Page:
Twelve years later, I was one of the founding members of the Busting Out dragon boat program, and suddenly I was surrounded by other survivors and the steadily growing ‘Pink Ribbon Culture’! I found kindred sisters in these women, and my deeply secreted feelings found an outlet and an expression. My silence was broken, and relief came flooding in.
This year, when I finally accepted the ‘highly suspicious for Lung Cancer' report, I realized that I would not, and could not, be secret and silent about my disease. Learning from experience, I was concerned for my mental health as much as for my physical health ...continue reading →
People sometimes ask me whether doctors are any different from other people when it comes to their mental health. Do they suffer more or less? Do they have different disorders and distress? The truthful answer (as with so many human questions) is a bit like, “Yes and No”.
Of course doctors can have physical and mental health issues, but this fact is often hidden from public view. Mental suffering in particular is a clandestine experience, and disclosure is especially hazardous for doctors, since it adds professional jeopardy to their burden of shame and guilt.
Awareness of doctors as human beings with real personal problems and stresses is not widespread ...continue reading →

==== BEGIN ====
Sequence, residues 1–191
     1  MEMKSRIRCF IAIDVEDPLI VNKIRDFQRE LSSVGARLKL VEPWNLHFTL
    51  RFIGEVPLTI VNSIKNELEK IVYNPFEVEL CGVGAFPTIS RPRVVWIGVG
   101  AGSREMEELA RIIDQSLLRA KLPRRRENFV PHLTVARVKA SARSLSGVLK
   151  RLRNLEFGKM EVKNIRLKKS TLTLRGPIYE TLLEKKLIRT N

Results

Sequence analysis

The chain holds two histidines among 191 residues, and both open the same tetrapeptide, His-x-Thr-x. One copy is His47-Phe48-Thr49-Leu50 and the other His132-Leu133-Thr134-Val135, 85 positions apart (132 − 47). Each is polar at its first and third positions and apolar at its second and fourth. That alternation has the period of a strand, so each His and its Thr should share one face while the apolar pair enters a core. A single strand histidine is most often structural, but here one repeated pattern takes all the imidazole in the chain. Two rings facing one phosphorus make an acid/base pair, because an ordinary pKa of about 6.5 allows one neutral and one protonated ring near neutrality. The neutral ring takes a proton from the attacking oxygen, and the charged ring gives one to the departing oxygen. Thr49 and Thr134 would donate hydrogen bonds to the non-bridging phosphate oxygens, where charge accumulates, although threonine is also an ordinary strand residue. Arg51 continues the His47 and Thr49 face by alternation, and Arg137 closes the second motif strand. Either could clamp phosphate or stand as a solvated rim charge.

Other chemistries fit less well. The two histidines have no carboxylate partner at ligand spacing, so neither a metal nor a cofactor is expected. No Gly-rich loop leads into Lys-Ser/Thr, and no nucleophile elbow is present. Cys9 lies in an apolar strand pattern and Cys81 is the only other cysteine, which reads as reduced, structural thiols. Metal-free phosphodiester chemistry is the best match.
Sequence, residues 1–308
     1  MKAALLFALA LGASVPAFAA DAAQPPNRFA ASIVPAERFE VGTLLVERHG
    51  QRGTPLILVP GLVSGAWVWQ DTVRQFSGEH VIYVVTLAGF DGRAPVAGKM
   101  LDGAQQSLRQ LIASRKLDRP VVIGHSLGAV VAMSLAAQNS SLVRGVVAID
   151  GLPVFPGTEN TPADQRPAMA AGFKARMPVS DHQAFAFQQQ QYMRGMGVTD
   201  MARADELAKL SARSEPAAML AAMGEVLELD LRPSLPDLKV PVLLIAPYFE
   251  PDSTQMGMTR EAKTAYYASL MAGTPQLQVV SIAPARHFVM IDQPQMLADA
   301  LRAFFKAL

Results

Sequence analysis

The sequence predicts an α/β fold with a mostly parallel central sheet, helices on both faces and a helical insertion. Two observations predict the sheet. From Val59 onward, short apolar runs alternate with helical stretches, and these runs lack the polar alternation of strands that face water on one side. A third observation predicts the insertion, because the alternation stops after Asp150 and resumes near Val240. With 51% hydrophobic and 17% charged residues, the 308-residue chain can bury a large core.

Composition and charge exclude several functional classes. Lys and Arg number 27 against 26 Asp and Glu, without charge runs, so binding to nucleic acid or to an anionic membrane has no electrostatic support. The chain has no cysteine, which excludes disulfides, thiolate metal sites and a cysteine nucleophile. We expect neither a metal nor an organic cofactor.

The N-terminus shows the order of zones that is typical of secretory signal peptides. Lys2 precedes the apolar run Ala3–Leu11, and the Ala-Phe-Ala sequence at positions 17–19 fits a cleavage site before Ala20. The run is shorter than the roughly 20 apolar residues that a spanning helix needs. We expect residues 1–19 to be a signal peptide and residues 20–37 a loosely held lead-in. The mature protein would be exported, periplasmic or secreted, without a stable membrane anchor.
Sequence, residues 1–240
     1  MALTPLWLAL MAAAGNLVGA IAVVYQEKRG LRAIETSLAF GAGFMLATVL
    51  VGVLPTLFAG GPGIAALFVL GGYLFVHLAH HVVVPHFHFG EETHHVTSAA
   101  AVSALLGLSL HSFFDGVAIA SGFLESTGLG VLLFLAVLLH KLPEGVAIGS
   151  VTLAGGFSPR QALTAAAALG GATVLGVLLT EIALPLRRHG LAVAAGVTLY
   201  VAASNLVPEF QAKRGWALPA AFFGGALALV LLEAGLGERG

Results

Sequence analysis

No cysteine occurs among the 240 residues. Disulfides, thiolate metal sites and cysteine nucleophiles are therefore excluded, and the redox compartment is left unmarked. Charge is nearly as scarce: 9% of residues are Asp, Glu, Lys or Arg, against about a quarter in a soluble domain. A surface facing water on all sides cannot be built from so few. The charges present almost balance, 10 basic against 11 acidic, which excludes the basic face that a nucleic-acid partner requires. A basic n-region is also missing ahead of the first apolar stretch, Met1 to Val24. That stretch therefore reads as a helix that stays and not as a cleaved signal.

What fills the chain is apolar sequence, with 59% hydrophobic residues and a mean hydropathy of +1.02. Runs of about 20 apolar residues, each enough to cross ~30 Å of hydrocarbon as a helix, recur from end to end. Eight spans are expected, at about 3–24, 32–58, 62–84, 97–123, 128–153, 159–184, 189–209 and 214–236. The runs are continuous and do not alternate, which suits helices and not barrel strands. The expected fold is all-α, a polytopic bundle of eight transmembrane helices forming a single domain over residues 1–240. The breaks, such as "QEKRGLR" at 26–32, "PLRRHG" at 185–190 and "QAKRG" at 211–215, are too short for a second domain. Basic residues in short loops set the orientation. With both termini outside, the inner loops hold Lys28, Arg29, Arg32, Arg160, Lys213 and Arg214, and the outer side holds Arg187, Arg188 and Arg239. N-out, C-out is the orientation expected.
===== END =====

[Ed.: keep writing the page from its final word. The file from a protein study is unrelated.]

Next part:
Dr Andrée Rochfort is Director of Quality Improvement at the Irish College of General Practitioners, Dublin
I frequently wonder how we can best prepare young doctors for their future medical roles and responsibilities, and how we can best support those already doing the doctor job.
We set out to care for others, to help others, to help others recognize their options and choices. We are set apart from patients during training. We learn to feel the expectations that “others” have of us; our peers, other health professionals, managers, professional bodies, medico-legal bodies, media, patients, patients’ relatives, our own relatives and non-medical friends. To this mix add in our self-expectations of ourselves. Combine these ‘perceived pressures’ then add our intrinsic sense of perfectionism and our pledges to others to do everything possible and we have a recipe for internal conflict! We feel guilt and failure when we cannot deliver perfect care with the selflessness we believe is expected of us. In reality we have to remember we are ‘human’ and we cannot work miracles. We do not have a magic wand. ...continue reading →
Declan Fox is a Family Doctor in Tignish PEI (that's Prince Edward Island, Canada, for international readers)
How did I get here?
With apologies to Talking Heads, I wonder sometimes, myself. How DID I get here? Resurrecting this family medicine practice in Tignish, PEI, is what I'll be doing for the next few years. At the ripe old age of 59 I'm taking on something I wouldn't even have attempted 25 years ago. And I'm doing it 2500 miles away from home in a health service that is very different from the UK NHS I once loved with a mighty passion.
So what's so great about moving to Tignish? A little history might help. 17 years ago this month I was mooching around home, three months after a suicidal breakdown due to my second bout of major depression. ...continue reading →